In at least four recent instances, specific actions by Republican presidential candidate Mitt Romney have moved President Barack Obama in a new, different direction. It's a trend worth noting, showing that Romney's positions have (at least some times) helped shaped Obama's.
This volume hints at being a memoir of a young Puerto Rico-born spook rising to the top of Langley’s white-bread operations directorate. But the personal gives way quickly to a professional cri de coeur against those who have aspersed the clandestine service under George W. Bush as torturous and incompetent.
President Obama at a press conference this morning insisted that high-level national security leaks are not coming from the White House. "The notion that my White House would purposefully release classified information is offensive," President Obama said.
But a Republican memo from the Senate Republican Policy Committee maintains that either the president or the New York Times is wrong.
Osama bin Laden was killed by an elite group of Navy Seals one year ago this week. And bin Laden’s files, a massive trove captured in his Abbottabad, Pakistan safe house, have been the subject of various articles since. Now, the Obama administration has reportedly decided to release “some” of the files to the public.
The 2007 National Intelligence Estimate on Iran’s nuclear weapons program lives on in the imagination of some government officials. At the end of a lengthy piece by James Risen in the New York Times this past weekend an anonymous official claims: “That assessment holds up really well.”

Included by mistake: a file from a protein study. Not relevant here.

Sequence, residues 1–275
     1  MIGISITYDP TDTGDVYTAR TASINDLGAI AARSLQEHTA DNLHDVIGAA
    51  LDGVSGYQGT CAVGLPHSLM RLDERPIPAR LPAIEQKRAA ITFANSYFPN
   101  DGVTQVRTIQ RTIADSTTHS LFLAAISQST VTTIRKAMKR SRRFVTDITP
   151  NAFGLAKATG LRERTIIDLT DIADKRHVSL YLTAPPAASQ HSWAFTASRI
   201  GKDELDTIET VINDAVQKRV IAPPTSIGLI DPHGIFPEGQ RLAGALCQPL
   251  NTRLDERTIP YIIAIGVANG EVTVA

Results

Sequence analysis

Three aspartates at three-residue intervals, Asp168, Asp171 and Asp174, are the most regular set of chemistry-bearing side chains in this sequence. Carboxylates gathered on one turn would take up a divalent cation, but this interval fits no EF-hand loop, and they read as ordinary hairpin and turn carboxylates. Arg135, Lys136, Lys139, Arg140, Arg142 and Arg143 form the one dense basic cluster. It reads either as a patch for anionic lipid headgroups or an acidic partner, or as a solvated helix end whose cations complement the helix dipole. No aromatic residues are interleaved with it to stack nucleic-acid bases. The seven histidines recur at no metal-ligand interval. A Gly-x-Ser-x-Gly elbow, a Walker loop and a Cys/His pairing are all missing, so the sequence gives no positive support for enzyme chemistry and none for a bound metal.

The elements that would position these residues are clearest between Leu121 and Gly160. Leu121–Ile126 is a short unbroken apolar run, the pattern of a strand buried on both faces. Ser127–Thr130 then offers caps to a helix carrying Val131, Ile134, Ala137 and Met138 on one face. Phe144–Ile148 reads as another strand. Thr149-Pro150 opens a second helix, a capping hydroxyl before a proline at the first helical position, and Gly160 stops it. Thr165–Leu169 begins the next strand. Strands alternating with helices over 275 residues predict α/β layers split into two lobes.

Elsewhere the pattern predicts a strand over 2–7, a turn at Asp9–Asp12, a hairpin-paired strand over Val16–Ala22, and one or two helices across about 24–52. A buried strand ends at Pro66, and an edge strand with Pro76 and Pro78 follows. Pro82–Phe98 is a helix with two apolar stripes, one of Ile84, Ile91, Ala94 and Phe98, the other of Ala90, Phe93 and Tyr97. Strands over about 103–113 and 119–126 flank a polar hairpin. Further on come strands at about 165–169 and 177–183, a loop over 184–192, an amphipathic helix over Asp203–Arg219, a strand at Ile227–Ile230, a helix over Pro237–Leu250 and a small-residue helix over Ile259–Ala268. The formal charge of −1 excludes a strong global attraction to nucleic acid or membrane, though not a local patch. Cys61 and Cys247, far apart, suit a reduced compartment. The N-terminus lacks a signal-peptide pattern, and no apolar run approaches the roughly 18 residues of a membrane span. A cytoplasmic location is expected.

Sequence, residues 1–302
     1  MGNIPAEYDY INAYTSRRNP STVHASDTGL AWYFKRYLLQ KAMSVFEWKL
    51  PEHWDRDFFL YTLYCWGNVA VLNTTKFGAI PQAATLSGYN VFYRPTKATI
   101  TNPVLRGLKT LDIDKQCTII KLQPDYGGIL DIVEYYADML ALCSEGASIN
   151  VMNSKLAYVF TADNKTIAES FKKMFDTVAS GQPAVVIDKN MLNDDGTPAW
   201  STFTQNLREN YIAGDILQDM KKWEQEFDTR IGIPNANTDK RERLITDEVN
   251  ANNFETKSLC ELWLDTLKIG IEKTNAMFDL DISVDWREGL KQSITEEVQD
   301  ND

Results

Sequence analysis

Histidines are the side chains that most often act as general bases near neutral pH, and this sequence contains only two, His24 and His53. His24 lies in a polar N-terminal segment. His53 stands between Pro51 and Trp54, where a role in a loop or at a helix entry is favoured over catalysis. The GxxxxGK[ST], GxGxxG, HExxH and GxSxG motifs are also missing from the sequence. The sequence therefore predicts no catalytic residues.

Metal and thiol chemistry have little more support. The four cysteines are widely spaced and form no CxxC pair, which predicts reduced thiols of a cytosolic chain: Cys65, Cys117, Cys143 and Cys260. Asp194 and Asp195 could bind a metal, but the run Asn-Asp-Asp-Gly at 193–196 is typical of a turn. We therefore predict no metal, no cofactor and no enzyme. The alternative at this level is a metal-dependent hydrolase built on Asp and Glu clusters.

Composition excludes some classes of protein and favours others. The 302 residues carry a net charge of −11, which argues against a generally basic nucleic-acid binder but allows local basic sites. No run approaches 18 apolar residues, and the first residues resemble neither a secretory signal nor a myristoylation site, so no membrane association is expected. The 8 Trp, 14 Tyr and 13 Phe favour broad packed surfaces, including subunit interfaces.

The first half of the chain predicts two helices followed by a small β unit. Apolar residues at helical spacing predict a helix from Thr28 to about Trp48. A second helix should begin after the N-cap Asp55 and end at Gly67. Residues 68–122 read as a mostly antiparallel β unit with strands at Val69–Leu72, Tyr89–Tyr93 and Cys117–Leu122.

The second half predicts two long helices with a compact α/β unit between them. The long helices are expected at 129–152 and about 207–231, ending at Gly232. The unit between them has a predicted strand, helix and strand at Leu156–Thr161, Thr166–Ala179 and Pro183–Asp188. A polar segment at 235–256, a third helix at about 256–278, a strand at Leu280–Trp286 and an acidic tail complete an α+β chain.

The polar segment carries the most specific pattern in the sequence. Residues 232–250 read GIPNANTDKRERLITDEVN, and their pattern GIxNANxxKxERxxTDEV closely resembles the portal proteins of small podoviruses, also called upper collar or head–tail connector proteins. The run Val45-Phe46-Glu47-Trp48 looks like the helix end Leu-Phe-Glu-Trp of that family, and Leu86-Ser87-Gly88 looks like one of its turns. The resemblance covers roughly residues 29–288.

The Obama administration is politicizing intelligence on Syria. What does “politicizing intelligence” mean? Using intel, or more often partial intel, to produce an effect in line with White House policies rather than giving a full picture of a particular situation.
In October, an Iranian plot to kill the Saudi ambassador in Washington, D.C. was disclosed by the United States government. And as the means was to be a bomb in a Washington restaurant, it is reasonable to assume Americans dining nearby would have been wounded or killed.
During an interview with NBC’s Matt Lauer shortly before the Super Bowl on February 5, President Obama was asked about Iran’s nuclear weapons program and the possibility of an Israeli airstrike. “I don’t think that Israel has made a decision on what they need to do,” Obama said. “I think they, like us, believe that Iran has to stand down on its nuclear weapons program. Until they do, I think Israel rightly is going to be very concerned, and we are as well.”